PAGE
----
Computer Lib was more successful in explaining the essential features of computers to the general public than giving engineers new technical information.[50] Particularly, the technical information contained in Computer Lib was far from enough to put together a personal computer. For those who were interested in this purpose, they need electronics magazines such as Radio Electronics and Computer World. For instance, when explaining the concept of interactive systems, Nelson did not provide more details than “it ‘converses’ with the user.” He only vaguely admitted its theoretical aspects by referring readers to his summary on Artificial Intelligence in Dream Machine—the giant book that was literally at the flip side of Computer Lib.[51] Byte, in contrast, provided readers with the instructions they needed to turn surplus keyboards into input devices for computers; this practically improved the communicative means between humans and computers.[52] It was such hands-on experiments and innovations that more directly brought personal computers into existence than Nelson’s Computer Lib.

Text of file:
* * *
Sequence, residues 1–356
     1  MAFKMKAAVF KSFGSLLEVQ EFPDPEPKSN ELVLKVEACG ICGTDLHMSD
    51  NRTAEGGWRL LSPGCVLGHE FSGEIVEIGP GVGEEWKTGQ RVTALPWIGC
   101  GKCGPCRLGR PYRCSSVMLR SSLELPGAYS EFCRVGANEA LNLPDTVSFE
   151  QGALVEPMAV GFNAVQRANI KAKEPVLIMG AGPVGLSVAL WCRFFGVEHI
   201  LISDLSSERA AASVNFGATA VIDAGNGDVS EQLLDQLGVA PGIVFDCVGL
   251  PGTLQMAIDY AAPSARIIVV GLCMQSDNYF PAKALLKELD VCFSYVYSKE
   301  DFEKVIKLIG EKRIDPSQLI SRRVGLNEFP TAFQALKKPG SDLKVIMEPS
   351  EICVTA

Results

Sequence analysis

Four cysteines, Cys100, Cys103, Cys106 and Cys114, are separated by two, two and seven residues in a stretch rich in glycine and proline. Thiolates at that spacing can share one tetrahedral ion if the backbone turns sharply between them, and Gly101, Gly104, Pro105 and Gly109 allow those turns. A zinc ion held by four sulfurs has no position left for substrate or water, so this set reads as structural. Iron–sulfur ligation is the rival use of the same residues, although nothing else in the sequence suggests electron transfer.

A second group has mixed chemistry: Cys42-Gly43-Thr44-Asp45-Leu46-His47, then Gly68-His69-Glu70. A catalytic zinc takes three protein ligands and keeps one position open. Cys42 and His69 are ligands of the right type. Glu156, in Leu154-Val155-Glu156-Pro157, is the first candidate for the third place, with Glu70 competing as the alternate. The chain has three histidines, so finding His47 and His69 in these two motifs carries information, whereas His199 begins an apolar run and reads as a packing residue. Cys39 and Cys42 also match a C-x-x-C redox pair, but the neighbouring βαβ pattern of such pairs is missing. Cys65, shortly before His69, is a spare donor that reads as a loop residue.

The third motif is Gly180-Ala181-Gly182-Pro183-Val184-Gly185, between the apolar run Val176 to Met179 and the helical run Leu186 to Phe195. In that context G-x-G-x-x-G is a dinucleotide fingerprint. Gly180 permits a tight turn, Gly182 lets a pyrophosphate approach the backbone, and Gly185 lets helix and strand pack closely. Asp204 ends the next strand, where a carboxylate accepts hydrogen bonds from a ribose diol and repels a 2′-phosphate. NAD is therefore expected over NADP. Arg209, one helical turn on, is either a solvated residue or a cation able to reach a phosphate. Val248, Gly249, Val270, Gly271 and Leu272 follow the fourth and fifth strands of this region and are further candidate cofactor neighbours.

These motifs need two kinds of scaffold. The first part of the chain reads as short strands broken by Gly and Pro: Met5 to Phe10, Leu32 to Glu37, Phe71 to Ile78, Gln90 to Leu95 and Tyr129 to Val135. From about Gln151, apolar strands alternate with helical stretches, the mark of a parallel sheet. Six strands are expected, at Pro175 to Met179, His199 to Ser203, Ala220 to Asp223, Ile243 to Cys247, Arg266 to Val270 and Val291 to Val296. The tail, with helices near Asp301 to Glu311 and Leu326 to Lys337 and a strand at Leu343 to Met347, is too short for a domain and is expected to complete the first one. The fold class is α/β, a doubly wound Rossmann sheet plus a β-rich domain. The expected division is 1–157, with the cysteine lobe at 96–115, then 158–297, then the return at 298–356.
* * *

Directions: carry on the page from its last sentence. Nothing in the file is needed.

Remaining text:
39. Nelson, Computer Lib, cover; Christopher Keep, Tim McLaughlin, and Robin Parmar, “Ted Nelson and Xanadu,” The Electronic Labyrinth, November 1995. 29 November 2002.
40. Freiberger and Swaine, Fire in the Valley, 2d ed., 442.
41. “Introduction,” The Amateur Computerist, 11 February 1988.
42. Theodor H. Nelson, Computer Lib: You Can and Must Understand Computer Now (South Bend, Ind.: T. Nelson, 1974), 8.
43. Ibid.
44. Ibid.
45. Ibid.
46. Ibid.
47. Ibid.
48. Ibid., 3.
49. D.H.F., review of Computer Lib / Dream Machines, by Ted Nelson, Byte, October 1975, 82.
50. Introducing the aspects of Computer Lib, Nelson wrote: “The explanations—not yet fully debugged—are intended for anybody.” Nelson, Computer Lib, 5.
51. Ibid., 13.
52. Among the first twelve issues of Byte from September 1975 to August 1976, five of them had technical articles on connecting keyboards to personal computers.